• San Jose -- Unless you've been trapped in a cave -- with no access to the Internet -- for the last 30 years or so, you know the way to San Jose quite well: Just follow the computers. The capital of Silicon Valley, San Jose is considered to be the birthplace of the high-technology boom and the semiconductor industry. The spirit of innovation emanating from Silicon Valley remains the energy force that fuels high technology around the globe.  
  • São Paulo -- Transportation advances during the last century (not to mention a strong dose of coffee) sealed São Paulo's shift from an agrarian economy. The city now is the commercial center not only of Brazil, but also of South America. Besides its prominence in the chemical, textile, metalworking, and electronics industries, São Paulo is a driving force in world automobile production. No wonder the São Paulo metro area continues to attract all sorts of plants, including automotive.  
  • Seoul -- The relationship between Seoul and Inchon stands as a model of the world-class manufacturing community. No one city can achieve world-class status alone. The bustling port city of Inchon is used to its best advantage by Seoul, whose own manufacturing base -- primarily textiles and apparel, chemicals and medicine, electrical products and electronics, and machinery -- supplies markets around the world. It comes as no surprise, then, that Seoul is at the forefront of the globalization of Korea.  
  • Shanghai -- One of the largest cities in the world, Shanghai earns its world-class distinction by virtue of its position as the leading commercial and industrial center of China and for capitalizing on its strategic location with outstanding transportation links. Like São Paulo, Shanghai benefits greatly from its perception in the executive suites of foreign corporations. When the subject turns to China, more often than not Shanghai is mentioned in the next breath.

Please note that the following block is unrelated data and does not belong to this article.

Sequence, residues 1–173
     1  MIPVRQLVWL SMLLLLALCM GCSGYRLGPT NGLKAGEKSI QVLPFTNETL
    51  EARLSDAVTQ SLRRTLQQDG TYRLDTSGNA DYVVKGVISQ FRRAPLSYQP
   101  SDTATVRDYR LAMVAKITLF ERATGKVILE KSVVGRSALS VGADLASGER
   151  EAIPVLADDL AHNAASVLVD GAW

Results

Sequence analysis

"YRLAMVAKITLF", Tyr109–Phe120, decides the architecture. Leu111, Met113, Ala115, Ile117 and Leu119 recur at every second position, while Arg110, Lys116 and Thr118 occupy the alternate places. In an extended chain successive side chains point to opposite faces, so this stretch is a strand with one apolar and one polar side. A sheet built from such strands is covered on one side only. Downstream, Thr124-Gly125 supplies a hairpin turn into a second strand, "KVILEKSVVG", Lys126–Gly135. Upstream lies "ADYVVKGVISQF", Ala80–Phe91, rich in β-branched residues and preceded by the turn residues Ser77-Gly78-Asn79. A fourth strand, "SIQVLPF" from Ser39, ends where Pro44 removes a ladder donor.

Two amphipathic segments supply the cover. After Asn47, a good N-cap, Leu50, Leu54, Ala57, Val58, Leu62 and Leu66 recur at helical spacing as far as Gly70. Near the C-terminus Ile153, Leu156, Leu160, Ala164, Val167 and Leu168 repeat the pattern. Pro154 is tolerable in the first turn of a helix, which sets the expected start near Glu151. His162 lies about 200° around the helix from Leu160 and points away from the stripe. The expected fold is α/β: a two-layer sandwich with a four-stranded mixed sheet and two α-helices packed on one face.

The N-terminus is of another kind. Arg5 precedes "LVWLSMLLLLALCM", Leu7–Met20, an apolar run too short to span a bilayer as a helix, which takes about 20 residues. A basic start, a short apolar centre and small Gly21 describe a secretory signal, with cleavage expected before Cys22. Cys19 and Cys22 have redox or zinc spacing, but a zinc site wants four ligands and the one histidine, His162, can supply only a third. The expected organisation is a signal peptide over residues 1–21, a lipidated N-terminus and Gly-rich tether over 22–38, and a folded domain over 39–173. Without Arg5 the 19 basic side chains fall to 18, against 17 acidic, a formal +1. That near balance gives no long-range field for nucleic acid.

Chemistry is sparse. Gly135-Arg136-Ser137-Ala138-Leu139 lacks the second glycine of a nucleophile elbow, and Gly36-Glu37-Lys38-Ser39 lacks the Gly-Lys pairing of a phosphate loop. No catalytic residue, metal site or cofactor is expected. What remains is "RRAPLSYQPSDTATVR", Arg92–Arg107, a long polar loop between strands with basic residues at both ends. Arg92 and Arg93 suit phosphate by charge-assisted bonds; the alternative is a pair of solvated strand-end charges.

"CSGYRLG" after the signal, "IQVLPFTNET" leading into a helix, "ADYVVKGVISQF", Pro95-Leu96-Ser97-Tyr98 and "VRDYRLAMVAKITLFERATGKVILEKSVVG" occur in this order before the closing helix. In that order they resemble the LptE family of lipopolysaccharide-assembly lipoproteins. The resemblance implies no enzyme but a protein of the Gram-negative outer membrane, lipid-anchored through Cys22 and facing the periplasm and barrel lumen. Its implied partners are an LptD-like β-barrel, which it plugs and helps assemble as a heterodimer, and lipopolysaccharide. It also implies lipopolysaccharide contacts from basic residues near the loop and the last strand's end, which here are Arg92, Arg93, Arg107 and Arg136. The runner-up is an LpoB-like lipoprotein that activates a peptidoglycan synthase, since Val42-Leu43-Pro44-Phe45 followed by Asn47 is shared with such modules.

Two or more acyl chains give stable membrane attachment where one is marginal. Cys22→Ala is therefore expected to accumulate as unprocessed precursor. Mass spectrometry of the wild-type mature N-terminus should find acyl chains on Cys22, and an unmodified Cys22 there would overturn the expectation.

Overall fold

• Singapore -- Call Singapore the survivor. No one here will object -- least of all the government and business leaders who, with the help and cooperation of workers, have struggled valiantly to beat the odds. The struggle has been largely successful. Though Singapore has been hurt by association -- that is, its economic ties to Southeast Asia -- it is managing to overcome the regional crisis. Growth is slow but steady and indicates a gradual course toward even greater prosperity.  
  • Tokyo -- Eleven million manufacturing workers lend their might to the Kanto/Kansai mega-megalopolis. Tokyo, capital of the Kanto region and counterpart of Osaka in the Kansai region, is home to many of the world's largest manufacturers as well as thousands of smaller firms. Tokyo also is a headquarters community, with automakers among those who have found it an ideal setting for both corporate penthouses and plant floors.  
  • Toronto -- Although Toronto serves as headquarters for a number of manufacturing firms, it is the North American auto industry that keeps it thriving. And when the cars and trucks roll off Toronto's assembly lines, many of them head straight to the U.S. A cosmopolitan city where culture and business walk hand in hand, Toronto is poised to be a symbol of the best of the best in Canada as a new century dawns.